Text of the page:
Learning to lead in the 'year of the firsts' : a study of employer led mentoring for new school leaders in Scotland.
Ed.D thesis, University of Glasgow.
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The study explores the process and outcome of a mentoring programme for newly appointed school leaders in a Scottish Case Study Local Authority (CSLA). This research contributes to professional knowledge and practice in school leadership as it takes an employer perspective and offers a conceptualisation of post-appointment mentoring in Scotland.
This study is contextualised by two conflicting accepted realities which are reflected at a local, national and international level. Firstly, that it is widely accepted that school leadership makes a difference and secondly, due to the reported challenges of the job, the recruitment and retention of school leaders has attained crisis status in some areas.
Accepting that it is important to prepare people for school leadership roles, the focus of this thesis turns to supporting teachers in the transition to headship. Mentoring is a frequently used approach in the development of school leaders but there is lack of agreement on the concept of mentoring and empirical evidence demonstrating the benefit of mentoring is inconsistent.
A conceptual framework of socialisation and development is used to explore mentoring in this study. Forty-two interviews were undertaken with newly appointed headteachers and depute headteachers and their mentors with the aim to establish whether there was a consistent interpretation or implementation of the mentoring policy and whether the claims about anticipated outcomes were substantiated. Assumptions about the mentoring policy in the CSLA were tested in order to build understanding and make meaning about how mentoring worked in practice.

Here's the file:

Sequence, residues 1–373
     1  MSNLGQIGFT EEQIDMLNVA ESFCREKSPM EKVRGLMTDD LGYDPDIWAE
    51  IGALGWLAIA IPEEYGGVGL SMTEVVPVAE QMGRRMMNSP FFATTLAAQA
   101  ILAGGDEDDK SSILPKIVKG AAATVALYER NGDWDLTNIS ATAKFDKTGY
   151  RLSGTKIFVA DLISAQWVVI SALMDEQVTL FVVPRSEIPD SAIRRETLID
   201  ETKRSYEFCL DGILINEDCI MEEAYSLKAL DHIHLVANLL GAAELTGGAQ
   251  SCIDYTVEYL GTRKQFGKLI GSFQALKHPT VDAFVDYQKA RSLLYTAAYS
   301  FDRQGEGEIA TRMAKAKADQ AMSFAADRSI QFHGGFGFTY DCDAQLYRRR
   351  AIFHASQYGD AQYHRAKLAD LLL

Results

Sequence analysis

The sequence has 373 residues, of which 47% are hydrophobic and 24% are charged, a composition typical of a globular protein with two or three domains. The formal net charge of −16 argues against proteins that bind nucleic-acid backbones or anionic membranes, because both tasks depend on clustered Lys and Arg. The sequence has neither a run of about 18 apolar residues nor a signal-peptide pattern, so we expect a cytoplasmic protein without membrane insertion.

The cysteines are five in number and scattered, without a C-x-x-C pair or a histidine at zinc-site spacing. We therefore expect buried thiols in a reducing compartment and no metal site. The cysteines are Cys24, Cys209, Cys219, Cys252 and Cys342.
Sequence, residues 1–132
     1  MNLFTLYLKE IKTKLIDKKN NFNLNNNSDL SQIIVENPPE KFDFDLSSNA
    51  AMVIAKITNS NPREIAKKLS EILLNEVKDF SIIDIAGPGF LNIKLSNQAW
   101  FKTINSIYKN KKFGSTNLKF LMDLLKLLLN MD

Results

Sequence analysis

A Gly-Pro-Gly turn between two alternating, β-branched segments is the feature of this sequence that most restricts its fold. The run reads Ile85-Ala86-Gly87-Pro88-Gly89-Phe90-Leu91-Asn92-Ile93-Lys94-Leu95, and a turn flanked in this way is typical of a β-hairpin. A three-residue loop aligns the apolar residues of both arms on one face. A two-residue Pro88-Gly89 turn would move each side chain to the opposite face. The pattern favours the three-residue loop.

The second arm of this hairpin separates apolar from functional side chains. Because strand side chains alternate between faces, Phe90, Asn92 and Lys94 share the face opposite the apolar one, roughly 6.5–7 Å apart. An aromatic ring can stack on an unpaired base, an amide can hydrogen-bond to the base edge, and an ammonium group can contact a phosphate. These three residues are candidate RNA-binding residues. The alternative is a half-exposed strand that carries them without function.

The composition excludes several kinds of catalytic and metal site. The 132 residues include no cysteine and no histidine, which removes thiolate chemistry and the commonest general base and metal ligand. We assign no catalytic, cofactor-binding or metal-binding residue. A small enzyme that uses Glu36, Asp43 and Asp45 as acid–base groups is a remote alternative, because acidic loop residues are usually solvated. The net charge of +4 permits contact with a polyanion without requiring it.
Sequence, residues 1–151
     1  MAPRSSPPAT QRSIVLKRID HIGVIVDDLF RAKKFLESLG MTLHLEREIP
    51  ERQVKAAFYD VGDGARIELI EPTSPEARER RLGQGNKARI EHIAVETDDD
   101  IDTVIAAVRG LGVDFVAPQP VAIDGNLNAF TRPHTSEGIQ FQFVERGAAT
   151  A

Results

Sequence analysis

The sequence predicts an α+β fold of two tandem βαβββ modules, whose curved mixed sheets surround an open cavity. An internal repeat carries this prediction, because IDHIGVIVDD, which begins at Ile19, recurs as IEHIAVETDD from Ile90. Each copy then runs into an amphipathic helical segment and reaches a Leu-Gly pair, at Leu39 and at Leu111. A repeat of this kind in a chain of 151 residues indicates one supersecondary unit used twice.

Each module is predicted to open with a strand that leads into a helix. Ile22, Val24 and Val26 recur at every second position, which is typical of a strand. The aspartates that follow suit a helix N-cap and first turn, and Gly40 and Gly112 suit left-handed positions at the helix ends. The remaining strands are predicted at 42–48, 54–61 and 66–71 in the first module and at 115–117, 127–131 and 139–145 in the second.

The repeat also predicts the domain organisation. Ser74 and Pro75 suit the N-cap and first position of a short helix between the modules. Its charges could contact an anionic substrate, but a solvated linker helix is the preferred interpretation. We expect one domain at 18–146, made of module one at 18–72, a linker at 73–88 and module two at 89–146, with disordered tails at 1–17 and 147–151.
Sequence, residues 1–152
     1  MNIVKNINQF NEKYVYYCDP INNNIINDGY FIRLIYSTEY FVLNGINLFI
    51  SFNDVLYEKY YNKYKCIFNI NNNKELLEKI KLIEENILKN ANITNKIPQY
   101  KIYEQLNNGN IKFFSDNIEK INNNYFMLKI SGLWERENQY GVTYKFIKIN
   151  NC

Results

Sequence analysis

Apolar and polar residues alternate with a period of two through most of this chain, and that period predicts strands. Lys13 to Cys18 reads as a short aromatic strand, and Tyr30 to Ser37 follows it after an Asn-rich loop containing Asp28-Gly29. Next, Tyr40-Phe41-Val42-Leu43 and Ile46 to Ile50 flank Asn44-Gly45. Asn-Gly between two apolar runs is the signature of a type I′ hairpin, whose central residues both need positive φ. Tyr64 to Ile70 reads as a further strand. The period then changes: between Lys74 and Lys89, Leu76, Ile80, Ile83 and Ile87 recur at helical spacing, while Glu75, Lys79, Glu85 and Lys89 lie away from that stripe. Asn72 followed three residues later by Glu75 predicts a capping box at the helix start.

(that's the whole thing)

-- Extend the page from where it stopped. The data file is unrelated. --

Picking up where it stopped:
This research suggests that experiences of formal employer-led mentoring, as operating in the CSLA, were mainly positive and valued by both mentors and mentees. Findings indicated that mentoring supported self-confidence, wellbeing, independence and effectiveness in the novice school leader, particularly in relation to leading and managing people. The policy assumptions that experienced headteachers would agree to mentor others because there were professional gains for them, and that mentoring offered something extra to other forms of leadership and management support, were supported by the findings of this study. However this research also found that there was a lack of shared understanding over the purpose of mentoring with differing views on the importance of psychosocial or career related functions. Data indicated there were differences in how primary and secondary school dyads enacted the mentoring relationship.
This thesis explores the motivations for mentoring, the characteristics that make a good mentor and the place of mentoring compared to other forms of leadership preparation and support. The findings of this study indicate that mentoring in the CSLA is understood both as a form of psychosocial support and as context specific training which prepares the mentee for the role of headteacher as it exists now and socialises them into that view. A conceptualisation of mentoring as a form of initiation which supports the prevailing orthodoxy is challenged in this thesis.
It is proposed that this work progresses knowledge about mentoring as it offers two models: a chronological model to explain how mentoring relationships can evolve and a model to explore the learning that takes place. Each model provides a schematic which can be challenged and adapted to help share understandings of mentoring, an umbrella term which has morphed over the centuries from Greek myth to urban mythology in the corporate human resource world.
The thesis highlights tensions and ambiguities for the local education authority as it attempts to meet its legal duty for educational provision while interpreting national policy, employing teachers and meeting Government‘s expectations for schools. This study identifies the complexity over the role of the employer in managing a formal strategy which is predicated on a personal relationship; recommendations are offered which may be of significance to those with an interest in school leadership development and organisational mentoring.
This research set out to advance practice in managing a real-world leadership problem.
This thesis proposes that leadership development does matter in Scotland today; the scale of the task to make our public services fit–for-purpose and fit-for-purse is considerable. Tomorrow‘s leaders should be prepared for this new landscape with vision and pragmatism.
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